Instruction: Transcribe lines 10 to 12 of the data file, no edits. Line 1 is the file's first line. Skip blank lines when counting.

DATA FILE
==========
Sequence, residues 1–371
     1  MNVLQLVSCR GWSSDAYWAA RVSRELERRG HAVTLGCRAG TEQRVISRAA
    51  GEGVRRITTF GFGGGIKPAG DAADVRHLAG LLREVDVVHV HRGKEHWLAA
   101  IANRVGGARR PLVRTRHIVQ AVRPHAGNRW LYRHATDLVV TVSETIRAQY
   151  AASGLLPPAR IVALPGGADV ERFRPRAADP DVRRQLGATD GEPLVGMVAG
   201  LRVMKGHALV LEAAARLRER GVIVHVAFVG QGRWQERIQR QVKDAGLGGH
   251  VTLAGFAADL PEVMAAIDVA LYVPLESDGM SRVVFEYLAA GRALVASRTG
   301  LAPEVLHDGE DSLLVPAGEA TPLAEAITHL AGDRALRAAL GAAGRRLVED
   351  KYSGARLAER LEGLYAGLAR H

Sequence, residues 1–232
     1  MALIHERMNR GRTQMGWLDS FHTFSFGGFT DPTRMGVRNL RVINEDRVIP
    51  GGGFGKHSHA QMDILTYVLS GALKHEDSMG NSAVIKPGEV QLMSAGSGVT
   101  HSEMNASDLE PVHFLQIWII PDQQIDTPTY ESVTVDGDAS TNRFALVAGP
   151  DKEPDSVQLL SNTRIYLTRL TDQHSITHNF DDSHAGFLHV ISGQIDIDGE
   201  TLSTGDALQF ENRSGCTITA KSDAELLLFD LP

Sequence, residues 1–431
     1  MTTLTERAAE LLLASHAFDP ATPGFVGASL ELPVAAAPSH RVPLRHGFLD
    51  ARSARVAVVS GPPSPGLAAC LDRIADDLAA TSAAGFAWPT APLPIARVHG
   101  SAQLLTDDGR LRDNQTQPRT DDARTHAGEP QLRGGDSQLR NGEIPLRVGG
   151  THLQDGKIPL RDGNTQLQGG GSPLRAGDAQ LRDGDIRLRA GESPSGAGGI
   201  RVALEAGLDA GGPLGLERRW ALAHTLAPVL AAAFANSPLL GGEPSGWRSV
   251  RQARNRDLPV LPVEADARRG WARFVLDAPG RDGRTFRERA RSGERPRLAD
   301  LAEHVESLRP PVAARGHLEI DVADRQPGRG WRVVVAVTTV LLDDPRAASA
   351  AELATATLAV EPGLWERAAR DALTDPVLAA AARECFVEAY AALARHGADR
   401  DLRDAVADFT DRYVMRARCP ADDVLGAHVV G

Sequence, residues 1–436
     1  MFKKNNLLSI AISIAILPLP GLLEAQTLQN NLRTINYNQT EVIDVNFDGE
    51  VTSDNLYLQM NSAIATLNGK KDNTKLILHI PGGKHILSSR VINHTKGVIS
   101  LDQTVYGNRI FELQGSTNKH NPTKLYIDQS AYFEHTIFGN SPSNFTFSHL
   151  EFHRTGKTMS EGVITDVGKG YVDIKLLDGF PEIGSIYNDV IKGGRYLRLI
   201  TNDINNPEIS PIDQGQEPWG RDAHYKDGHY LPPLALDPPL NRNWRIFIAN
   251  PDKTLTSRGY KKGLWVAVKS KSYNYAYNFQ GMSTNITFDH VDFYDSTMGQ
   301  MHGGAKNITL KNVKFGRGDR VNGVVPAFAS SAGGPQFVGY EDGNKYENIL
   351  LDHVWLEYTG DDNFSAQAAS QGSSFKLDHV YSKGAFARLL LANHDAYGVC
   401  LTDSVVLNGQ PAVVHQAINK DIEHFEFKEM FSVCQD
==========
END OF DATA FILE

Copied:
Sequence, residues 1–232
     1  MALIHERMNR GRTQMGWLDS FHTFSFGGFT DPTRMGVRNL RVINEDRVIP
    51  GGGFGKHSHA QMDILTYVLS GALKHEDSMG NSAVIKPGEV QLMSAGSGVT